If positive youth development is truly a preventative approach to supporting all youth and ensuring their academic, social and personal success, why isn’t PYD engrained in our education system as part of what all educators do to endure student success?
During my 30+ year career in many different roles in education, I have heard the phrase “positive youth development,” more times than I can count. I believe the phrase is used in good faith by those that have a sincere desire to support, engage and promote asset building in youth. But what does it mean to truly promote and engage in Positive Youth Development?
Youth.gov defines positive youth development as “an intentional, pro-social approach that engages youth within their communities, schools, organizations, peer groups and families in a manner that is productive and constructive; recognizes, utilizes, and enhances youth’s strengths; and promotes positive outcomes for youth people by providing opportunities, fostering positive relationships, and furnishing the support needed to build on their leadership strength.”
If positive youth development is truly a preventative approach to supporting all youth and ensuring their academic, social, and personal success, why isn’t positive youth development engrained in our education system as part of what all educators do to endure student success?
Here are a few of my best guesses on why positive youth development isn’t more present in our schools:
We’re Focused on the Short-Term
Prevention work is a hard, slow investment with long term outcomes. Unfortunately, we place a greater priority on the here and now of academics, testing, interventions and little to nothing on prevention strategies. In a society that that has a difficult time focusing on the long term, it can be almost impossible to gather investments without an instant payoff.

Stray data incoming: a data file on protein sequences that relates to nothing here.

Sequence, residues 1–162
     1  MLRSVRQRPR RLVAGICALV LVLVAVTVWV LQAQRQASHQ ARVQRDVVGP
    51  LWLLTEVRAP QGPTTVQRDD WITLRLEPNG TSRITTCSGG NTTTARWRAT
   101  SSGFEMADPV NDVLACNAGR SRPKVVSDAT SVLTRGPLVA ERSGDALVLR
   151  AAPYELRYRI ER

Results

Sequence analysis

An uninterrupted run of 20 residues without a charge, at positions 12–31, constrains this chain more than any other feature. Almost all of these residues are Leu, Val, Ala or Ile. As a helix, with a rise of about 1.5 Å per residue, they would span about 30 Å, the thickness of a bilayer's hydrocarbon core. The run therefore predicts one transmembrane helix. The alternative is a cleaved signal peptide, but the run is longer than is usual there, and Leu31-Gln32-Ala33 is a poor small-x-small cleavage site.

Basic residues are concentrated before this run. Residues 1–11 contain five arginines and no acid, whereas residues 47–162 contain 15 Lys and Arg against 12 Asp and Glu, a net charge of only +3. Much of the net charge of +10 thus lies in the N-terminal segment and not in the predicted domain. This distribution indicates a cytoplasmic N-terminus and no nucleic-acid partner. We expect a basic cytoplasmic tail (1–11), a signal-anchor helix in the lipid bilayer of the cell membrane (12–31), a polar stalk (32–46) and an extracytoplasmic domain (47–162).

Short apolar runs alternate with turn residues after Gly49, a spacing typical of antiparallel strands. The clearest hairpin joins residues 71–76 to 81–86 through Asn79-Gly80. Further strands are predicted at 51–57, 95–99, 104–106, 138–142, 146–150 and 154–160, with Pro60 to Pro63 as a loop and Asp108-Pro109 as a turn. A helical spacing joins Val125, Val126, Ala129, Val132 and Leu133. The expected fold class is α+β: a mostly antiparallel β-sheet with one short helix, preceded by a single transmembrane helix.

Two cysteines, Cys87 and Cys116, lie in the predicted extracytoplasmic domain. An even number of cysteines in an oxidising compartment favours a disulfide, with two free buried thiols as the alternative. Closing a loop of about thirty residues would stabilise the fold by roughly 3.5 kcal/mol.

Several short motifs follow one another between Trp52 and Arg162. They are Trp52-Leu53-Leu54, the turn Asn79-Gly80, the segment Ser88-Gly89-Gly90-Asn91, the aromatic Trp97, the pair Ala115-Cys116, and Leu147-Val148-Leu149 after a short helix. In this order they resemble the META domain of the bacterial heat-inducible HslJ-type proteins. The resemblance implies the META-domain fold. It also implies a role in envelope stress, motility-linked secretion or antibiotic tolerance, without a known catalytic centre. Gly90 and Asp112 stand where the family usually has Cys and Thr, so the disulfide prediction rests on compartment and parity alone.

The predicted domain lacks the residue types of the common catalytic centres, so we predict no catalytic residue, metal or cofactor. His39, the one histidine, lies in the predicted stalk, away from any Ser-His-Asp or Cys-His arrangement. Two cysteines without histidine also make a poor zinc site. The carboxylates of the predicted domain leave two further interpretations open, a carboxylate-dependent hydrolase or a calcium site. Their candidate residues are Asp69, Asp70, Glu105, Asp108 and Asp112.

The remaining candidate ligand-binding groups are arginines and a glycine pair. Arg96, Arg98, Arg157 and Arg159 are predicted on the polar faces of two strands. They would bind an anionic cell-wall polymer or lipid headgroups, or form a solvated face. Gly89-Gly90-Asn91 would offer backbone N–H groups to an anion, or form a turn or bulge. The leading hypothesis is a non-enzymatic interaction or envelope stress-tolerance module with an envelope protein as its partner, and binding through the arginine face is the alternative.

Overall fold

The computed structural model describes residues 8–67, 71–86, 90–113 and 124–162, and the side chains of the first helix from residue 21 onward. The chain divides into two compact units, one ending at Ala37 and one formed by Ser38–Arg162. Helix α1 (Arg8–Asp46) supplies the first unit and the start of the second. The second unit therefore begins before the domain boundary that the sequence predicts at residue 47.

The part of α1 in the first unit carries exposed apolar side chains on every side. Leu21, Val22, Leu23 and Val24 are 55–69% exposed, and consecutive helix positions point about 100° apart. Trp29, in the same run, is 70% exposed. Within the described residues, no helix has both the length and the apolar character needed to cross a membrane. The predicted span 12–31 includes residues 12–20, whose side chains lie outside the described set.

We’re Not Working Hard Enough to Combat Inequality
Schools play a key role in a young person’s life, but we’re not the only player. Business leaders, peer groups, families, community organizations, sports and churches are all a part of our youths’ communities and can make a great impact on them. But not all youth have the same access to these resources, and often youth who already have the support, resources, leadership skills and opportunities are sought out to be youth leaders or to participate in community projects. This means youth who don’t have access to the same resources often don’t have access to opportunities, which creates and compounds equity issues in education and elsewhere.
We’re Not Fully Engaging Our Youth
Most of the time when educators and communities are working together on youth development and creating youth related strategic plans, there is not one single youth present. If we really want to engage our youth, we need to include our youth. The most critical piece of positive youth development is to engage young people as equal partners. This concept goes against most everything in traditional public education. It also scares many adults who fear losing control. Relationships and connections are everything and if we don’t make or take the time to do that with our youth – with every single one of them- we will have missed an essential element to their success and ours.